Posted on February 20, 2023
Communities along the Lake Erie shoreline are dealing with continual erosion in a variety of ways.
Route 531 was closed at the Ashtabula Township/North Kingsville village line late last year by the Ohio Department of Transportation due to fears of encroaching erosion.
Ray Marsch, a spokesperson for ODOT, said an emergency project to protect a section of the road has been completed, but a longer-term project is now in the works.
Sheet pilings were driven 40 feet into the ground to stabilize the slope.
“The work that originally took place in that emergency closure … we’ve finished what our initial scope was, to add about 300 feet of sheet piling in that area,” he said.
“But, since we’ve had it closed and we continue to monitor it, we’re deciding to keep that roadway closed and add additional sheet piling all throughout that section of 531, there.”
The amount of new sheet piling that will be installed as part of this project has not been determined, because the project is still being designed, Marsch said.
According to a press release from ODOT, the project will involve installing pilings along Route 531 in areas from LaBounty Road to Ridge Avenue, and from the intersection of Route 531 and Monday Avenue several hundred feed west along Route 531.
Route 531 will have to be closed near Monday Drive at some point to accomodate the work there, but there is currently no date set for that closure. Marsch said.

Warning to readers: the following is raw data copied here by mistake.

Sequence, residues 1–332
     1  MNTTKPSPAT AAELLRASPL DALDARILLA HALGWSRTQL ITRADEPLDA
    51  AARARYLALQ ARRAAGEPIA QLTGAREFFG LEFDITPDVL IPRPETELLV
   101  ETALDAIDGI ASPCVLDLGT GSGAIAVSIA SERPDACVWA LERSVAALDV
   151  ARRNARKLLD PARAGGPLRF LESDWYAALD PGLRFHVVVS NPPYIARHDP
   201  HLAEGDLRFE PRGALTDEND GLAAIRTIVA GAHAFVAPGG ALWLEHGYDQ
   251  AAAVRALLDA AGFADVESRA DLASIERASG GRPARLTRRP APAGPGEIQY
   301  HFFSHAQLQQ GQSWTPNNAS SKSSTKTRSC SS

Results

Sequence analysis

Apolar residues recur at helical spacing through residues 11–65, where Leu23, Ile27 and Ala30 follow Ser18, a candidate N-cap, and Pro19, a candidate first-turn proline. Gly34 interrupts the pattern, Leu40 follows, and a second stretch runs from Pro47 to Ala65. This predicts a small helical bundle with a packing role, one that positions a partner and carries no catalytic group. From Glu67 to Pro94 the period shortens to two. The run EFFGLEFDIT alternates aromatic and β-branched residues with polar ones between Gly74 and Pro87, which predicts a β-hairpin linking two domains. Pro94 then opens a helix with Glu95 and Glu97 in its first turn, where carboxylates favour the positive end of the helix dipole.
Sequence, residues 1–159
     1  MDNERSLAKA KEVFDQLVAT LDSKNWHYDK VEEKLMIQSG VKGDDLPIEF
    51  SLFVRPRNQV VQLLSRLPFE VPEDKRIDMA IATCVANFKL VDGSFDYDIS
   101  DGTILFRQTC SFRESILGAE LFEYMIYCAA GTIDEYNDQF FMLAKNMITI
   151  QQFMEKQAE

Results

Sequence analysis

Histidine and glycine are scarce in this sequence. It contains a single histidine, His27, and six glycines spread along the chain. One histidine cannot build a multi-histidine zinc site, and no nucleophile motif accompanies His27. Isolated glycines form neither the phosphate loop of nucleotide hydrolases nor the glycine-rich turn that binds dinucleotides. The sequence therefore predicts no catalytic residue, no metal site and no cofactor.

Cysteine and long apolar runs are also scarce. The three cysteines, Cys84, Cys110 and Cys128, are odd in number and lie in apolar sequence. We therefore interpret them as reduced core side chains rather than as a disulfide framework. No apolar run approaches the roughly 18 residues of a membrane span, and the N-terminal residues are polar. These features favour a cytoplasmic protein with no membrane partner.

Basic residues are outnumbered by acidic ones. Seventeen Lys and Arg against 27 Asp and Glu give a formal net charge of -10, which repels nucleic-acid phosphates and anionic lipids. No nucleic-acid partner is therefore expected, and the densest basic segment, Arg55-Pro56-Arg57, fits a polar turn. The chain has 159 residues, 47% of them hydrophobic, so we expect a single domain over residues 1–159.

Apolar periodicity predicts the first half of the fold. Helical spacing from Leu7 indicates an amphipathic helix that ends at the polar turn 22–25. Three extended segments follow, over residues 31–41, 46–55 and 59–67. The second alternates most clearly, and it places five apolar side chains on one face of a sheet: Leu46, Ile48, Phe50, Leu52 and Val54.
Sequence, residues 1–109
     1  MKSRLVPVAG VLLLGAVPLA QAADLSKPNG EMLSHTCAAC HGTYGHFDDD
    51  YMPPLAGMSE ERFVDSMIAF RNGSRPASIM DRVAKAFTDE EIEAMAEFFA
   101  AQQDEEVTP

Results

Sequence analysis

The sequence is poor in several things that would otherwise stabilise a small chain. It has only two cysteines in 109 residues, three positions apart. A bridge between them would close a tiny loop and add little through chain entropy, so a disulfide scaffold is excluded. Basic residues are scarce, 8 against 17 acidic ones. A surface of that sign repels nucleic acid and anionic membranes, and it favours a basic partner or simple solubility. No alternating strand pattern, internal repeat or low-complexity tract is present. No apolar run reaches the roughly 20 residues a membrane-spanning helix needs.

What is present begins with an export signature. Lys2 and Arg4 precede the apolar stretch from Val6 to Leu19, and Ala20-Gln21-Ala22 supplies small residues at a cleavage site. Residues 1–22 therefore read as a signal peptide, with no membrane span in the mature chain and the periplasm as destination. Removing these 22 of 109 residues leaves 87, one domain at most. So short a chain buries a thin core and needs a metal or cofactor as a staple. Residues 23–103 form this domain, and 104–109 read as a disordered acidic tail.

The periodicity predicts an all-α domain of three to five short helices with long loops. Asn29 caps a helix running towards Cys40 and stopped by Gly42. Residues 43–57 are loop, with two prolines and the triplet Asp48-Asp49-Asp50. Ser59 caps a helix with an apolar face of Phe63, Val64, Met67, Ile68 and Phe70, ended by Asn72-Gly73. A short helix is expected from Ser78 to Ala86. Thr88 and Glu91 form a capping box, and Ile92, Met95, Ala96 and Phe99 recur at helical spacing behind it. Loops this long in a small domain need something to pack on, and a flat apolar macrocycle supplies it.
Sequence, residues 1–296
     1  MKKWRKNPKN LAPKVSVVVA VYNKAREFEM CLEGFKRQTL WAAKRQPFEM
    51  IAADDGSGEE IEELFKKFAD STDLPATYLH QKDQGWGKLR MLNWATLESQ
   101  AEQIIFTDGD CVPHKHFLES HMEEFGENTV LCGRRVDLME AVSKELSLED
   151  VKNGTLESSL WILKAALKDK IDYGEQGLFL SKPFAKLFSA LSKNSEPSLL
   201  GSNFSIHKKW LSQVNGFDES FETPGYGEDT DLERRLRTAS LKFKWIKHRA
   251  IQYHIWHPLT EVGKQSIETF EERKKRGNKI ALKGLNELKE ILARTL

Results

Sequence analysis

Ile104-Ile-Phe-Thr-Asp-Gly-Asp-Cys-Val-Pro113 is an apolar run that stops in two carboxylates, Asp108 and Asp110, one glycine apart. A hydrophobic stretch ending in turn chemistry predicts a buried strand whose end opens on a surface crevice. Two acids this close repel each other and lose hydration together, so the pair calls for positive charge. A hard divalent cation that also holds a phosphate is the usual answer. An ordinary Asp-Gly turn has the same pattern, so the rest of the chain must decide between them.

The project also includes drainage improvements and roadway and guardrail repairs and installation, where necessary.
ODOT will be putting the larger project out to bid once the design work is finished, Marsch said.
The work is expected to be finished this fall, with an estimated cost of $5 million. ODOT is also studying additional long-term solutions to the issue, including the construction of stone revetments are being studied.
“That is still in the design phase, as well,” Marsch said.
Route 531 will remain closed until the project is completed, but any residents impacted by the closure will continue to be able to access their homes.
Jeremy Schaffer, village administrator for Geneva-on-the-Lake, said the village has been conducting a series of public meetings over the last week, meeting with residents of different areas to get their feedback.
“We’ve been doing some ongoing planning, and getting shoreline property owners and public properties involved,” he said.
There has recently been significant erosion near the Jennie Munger Museum, Schaffer said. A meeting was scheduled for Friday night to discuss erosion control in that area.
An emergency was declared in the area of the museum in order to bring awareness to the accelerated erosion, Schaffer said.
The village has also had meetings with residents in the area of New Street, and residents around Old Lake Road.
Tonight, Feb. 18, the village will host a meeting with residents from around the Palmetto subdivision area at 5:30 p.m. at Village Hall, Schaffer said.